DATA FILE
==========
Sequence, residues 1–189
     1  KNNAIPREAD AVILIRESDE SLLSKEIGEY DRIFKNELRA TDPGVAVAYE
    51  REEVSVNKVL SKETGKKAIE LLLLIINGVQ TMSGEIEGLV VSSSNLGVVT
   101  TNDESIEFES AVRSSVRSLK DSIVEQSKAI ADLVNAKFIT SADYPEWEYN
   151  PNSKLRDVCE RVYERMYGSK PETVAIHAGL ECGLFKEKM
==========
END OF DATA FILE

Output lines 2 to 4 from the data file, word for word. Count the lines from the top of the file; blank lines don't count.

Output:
     1  KNNAIPREAD AVILIRESDE SLLSKEIGEY DRIFKNELRA TDPGVAVAYE
    51  REEVSVNKVL SKETGKKAIE LLLLIINGVQ TMSGEIEGLV VSSSNLGVVT
   101  TNDESIEFES AVRSSVRSLK DSIVEQSKAI ADLVNAKFIT SADYPEWEYN